As y’all know, Jody Hedlund is one of my favorite and go-to authors. Not only for the awesome stories she writes, but for the history she tells. She has an incredible way of bringing the past to life. Luther and Katharina: A Novel of Love and Rebellion is her first published historical and y’all it’s fascinating!
She was a nun of noble birth. He, a heretic, a reformer…an outlaw of the Holy Roman Empire.
In the 16th century, nun Katharina von Bora’s fate fell no further than the Abbey. Until she read the writings of Martin Luther.
His sweeping Catholic church reformation—condemning a cloistered life and promoting the goodness of marriage—awakened her desire for everything she’d been forbidden. Including Martin Luther himself.
Despite the fact that the attraction and tension between them is undeniable, Luther holds fast to his convictions and remains isolated, refusing to risk anyone’s life but his own. And Katharina longs for love, but is strong-willed. She clings proudly to her class distinction, pining for nobility over the heart of a reformer. They couldn’t be more different.
But as the world comes tumbling down around them, and with Luther’s threatened life a constant strain, these unlikely allies forge an unexpected bond of understanding, support and love.
Together, they will alter the religious landscape forever.
This was such an interesting read. Not only for the pieces of history of the Reformation we see, but seeing what it was like for those leading the reformation. I knew it was messy, but I didn’t know a lot of the details. My appreciation for Luther’s leadership and the brave folks who followed has risen immensely. Jody doesn’t shy away from showing all that Luther went through and dealt with personally – from the constant death threats, the spiritual attacks and physically attacks. I can understand why he was stubborn about staying single for so long. He carried heavy burdens; the burdens of leading such a movement that would change history and the pressure of knowing what you started would cause people to lose their lives.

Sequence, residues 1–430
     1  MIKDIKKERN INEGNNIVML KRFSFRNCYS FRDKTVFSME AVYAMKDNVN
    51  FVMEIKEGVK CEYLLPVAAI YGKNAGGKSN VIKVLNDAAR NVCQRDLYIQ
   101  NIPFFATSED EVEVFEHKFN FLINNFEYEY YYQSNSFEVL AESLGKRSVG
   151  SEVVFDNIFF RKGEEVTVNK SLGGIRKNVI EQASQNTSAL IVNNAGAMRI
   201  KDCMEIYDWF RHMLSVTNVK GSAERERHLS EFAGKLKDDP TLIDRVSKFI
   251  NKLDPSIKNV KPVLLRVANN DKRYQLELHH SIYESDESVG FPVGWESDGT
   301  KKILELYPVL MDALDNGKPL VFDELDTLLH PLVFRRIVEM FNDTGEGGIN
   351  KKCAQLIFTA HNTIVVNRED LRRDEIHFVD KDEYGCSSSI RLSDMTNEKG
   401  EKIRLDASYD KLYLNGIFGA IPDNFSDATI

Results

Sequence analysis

I knew next to nothing about Katharina before reading this book, only that she was once a nun and married Luther (saw the movie). After this book, I think I’ll have to read more about her. Her story is not only encouraging, but inspiring because she had a lot to work though in her life – like letting go of expectations that weren’t in God’s plan. I’m glad I’m not the only one in the history of the world who has dealt with this ;).
“They need encouragement. They need to know that the death of the martyrs wasn’t a defeat but rather a confirmation that the gospel is good and worth dying for.”
What I loved most about this book was the encouragement from both their lives. That following God’s plan often looks different from what we imagine and there’s no promise it’ll be easy or safe, but it will always be worth it.
Oh and my favorite character? Jonas.
Our final read for the Hedlund Challenge 2015 is this wonderful book, so I hope you’ll stop by next month right here for some discussions, interviews and other fun!
(Thank you to Blogging For Books for a copy of the book in exchange for my honest review)